US 2881194 A
Description (OCR text may contain errors)
United States Patent POLYAMIDE RESIN PROCESS AND PRODUCT Dwight E. Peerman, Minneapolis, and Don E. Floyd, Robblnsdale, Minn., assignors to General Mills, Inc., a corporation of Delaware N Drawing. Application October 11, 1955 Serial No. 539,923
2 Claims. (Cl. 260-4045) The present invention relates to a novel polyamide resin product and to a process of producing the same. The polyamide resin is particularly useful for reaction with epoxy resins to obtain products of novel and useful properties.
In US. patent to Renfrew et al. 2,705,223, there is disclosed the use of certain polyamide resins for reaction with epoxy resins to produce cured resinous compositions of unusual properties. The polyamide resins specifically disclosed in said patent have relatively high viscosities and accordingly present certain problems in handling. For example, the polyamide resins described specifically in said patent have viscosities in the range of 500 to 1,000 poises. In certain applications as, for example, in electrical embedment and casting applications, it is imperative that the resinous material be bubble-free when cured. With materials of high viscosity it is difficult to effect adequate mixing without incorporation of air. With a less viscous material it is possible to avoid bubble inclusion in the castings. The novel polyamide resin of the present invention is of materially reduced viscosity and accordingly eliminates this problem. Low viscosity is also of importance in laminating fibre glass, in the form of cloth, roving or mat since the lower viscosity aids in the penetration of the resin into the fibers. This is especially true in hand lay-up where little or no pressure is used in impregnating the glass fiber.
A further advantage of the present invention is that the novel polyamide reacts more readily with the epoxy resin by reason of the larger number of amine groups available for reaction and the smaller molecular size of the polyamide. At the same time, the present invention retains the advantages referred to in the above patent, namely, the reduced toxicity and volatility of the polyamines heretofore employed and the retention of the improved impact resistance flexibility and machining properties found in the compositions of the patent referred to.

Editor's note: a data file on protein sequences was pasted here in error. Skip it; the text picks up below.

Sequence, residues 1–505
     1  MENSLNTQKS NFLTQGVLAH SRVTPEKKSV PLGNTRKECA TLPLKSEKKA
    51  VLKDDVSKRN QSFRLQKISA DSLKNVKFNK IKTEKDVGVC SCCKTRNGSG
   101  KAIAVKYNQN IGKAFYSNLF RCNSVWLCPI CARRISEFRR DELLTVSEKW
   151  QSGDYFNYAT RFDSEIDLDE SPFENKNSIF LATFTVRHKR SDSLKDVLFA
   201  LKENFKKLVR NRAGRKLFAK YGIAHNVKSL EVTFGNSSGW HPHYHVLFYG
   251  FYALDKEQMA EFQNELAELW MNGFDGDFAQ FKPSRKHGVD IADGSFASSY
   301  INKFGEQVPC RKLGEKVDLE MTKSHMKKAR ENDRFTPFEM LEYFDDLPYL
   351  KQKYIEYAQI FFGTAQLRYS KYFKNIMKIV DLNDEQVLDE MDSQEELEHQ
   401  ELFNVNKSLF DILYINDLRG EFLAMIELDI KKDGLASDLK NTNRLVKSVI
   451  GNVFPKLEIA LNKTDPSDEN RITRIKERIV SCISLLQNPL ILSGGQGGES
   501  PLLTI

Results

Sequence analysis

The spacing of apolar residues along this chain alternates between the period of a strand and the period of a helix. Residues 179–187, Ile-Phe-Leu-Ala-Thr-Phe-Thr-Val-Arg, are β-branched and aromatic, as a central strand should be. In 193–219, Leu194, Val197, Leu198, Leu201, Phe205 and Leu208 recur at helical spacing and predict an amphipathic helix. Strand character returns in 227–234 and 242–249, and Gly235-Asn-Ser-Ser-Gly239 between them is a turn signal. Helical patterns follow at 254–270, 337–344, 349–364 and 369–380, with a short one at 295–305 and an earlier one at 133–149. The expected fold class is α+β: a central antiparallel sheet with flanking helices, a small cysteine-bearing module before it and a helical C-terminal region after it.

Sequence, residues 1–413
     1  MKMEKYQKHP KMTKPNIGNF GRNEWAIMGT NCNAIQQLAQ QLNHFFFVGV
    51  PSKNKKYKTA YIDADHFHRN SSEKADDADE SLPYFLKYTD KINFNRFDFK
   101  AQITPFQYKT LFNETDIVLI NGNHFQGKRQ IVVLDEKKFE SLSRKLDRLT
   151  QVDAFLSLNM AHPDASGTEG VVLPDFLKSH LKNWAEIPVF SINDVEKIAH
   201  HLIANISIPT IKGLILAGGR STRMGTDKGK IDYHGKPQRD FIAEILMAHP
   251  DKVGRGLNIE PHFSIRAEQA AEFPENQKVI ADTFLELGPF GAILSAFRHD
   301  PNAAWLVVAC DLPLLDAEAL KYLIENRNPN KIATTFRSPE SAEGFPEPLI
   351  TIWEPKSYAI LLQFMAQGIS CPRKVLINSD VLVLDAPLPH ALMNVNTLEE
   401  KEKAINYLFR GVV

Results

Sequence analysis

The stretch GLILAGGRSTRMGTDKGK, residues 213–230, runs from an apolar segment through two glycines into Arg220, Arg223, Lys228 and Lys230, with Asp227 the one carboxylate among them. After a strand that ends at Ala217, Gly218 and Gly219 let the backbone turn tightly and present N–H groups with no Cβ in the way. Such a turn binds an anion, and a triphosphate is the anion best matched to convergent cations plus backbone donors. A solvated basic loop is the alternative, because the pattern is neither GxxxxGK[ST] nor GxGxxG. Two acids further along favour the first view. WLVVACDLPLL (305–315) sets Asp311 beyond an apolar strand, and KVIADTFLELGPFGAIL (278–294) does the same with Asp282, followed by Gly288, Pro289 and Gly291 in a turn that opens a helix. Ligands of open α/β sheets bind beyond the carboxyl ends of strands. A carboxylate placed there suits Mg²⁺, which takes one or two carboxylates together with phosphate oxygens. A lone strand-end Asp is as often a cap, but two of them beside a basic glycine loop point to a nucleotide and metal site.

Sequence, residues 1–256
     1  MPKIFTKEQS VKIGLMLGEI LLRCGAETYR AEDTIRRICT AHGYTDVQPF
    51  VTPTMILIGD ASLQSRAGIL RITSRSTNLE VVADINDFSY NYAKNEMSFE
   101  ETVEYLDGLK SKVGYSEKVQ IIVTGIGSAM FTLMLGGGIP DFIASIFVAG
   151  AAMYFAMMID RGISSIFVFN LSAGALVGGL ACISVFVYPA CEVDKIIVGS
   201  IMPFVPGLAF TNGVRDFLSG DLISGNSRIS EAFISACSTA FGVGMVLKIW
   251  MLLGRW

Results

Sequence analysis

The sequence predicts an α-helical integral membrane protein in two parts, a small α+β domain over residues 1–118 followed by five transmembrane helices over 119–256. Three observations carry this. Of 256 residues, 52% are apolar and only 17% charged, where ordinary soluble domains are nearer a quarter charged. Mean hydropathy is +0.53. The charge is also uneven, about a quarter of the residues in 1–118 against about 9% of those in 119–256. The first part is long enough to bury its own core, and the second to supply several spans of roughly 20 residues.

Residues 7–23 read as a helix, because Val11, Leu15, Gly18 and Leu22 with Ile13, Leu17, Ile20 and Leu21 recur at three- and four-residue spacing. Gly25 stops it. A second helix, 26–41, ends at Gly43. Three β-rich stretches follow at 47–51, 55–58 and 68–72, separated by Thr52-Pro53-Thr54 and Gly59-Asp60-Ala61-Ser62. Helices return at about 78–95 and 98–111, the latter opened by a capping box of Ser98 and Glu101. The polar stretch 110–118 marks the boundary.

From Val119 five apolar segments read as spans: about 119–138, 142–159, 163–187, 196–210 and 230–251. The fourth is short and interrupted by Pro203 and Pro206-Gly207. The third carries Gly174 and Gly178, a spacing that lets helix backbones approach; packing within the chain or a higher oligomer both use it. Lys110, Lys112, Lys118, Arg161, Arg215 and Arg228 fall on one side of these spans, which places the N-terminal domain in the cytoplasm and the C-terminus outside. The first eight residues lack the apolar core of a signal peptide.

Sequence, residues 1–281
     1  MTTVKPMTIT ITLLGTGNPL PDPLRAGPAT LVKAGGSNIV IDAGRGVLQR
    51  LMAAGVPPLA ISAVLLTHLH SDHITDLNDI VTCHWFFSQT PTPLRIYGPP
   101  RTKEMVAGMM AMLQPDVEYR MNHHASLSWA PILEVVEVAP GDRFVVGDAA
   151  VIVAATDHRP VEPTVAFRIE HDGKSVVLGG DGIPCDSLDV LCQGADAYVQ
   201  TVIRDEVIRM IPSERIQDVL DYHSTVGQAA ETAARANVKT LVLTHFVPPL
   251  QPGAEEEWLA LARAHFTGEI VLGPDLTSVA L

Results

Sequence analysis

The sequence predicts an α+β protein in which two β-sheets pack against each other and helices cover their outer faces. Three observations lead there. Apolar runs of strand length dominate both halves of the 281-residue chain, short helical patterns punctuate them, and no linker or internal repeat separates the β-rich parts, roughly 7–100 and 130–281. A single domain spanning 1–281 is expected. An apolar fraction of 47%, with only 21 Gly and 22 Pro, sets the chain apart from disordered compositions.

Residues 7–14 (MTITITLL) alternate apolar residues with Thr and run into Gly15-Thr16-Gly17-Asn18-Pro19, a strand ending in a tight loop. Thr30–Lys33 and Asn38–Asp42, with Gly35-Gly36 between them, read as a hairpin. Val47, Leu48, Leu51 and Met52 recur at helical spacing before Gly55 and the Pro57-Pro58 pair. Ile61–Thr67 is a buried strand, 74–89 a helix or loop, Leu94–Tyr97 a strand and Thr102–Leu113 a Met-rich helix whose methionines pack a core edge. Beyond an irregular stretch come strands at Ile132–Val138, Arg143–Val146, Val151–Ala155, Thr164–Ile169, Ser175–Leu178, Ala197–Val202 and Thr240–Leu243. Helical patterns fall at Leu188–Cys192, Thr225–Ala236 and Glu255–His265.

It is, therefore, an object of the present invention to provide a novel polyamide resin composition and a process of producing the same, the polyamide resin being characterized by a reduced molecular weight and an increased content of free amino groups.
The polyamide composition of the present invention is i the reaction product of a preliminary polyamide with a further quantity of polyamine.
The preliminary polyamides are in general those derived from polymeric fat acids and either aliphatic or aromatic polyamines. These polyamines may be represented by the following formula:
in which R is an aliphatic hydrocarbon group and n is from 2-5. Of particular importance are the polyamines in which R is an alkylene group containing from 2-4 carbon atoms. Typical of the polyamines which may be employed are diethylene triamine, triethylene tetramine, tetraethylene pentamine, 3,3-imino-bis-propylamine, and the like. These polyamines are reacted with polymeric fat acids as described in the patents referred to above in such proportions that the polyamide thus obtained will have an amine number of from -230. For this purpose, amine number is defined as the number of milligrams of potassium hydroxide equivalent to the free amine groups in one gram of the resin. The reaction is carried out under any suitable conditions such as, for example, a temperature of 200 C. for approximately 4 hours during the latter part of which the reaction mixture is maintained under a vacuum for the purpose of removing water of reaction.
The polyamide thus obtained is similar to the polyamides disclosed in some of the examples of the above referred to Renfrew et al. patent. This polyamide is then reacted with a further quantity of a polyamine of the type described to efiect a partial amide interchange with the polyamide. For this purpose a quantity of polyamine is employed which will give an amine number in the resultant modified polyamide of from approximately 230- 300, preferably from 250-300. Frequently this will require approximately 9 parts by weight of the original polyamide resin and approximately 1 part by weight of additional polyamine.
The amide interchange reaction is carried on for a limited period of time to produce a product of reduced viscosity, generally, a Brookfield viscosity within the range of 80-120 poises at 40 C. Frequently this degree of reaction can be obtained in approximately 2 hours at 200 C. The particular reaction conditions are not critical and it will be apparent that other reaction conditions may be employed which produce a product. having a different viscosity.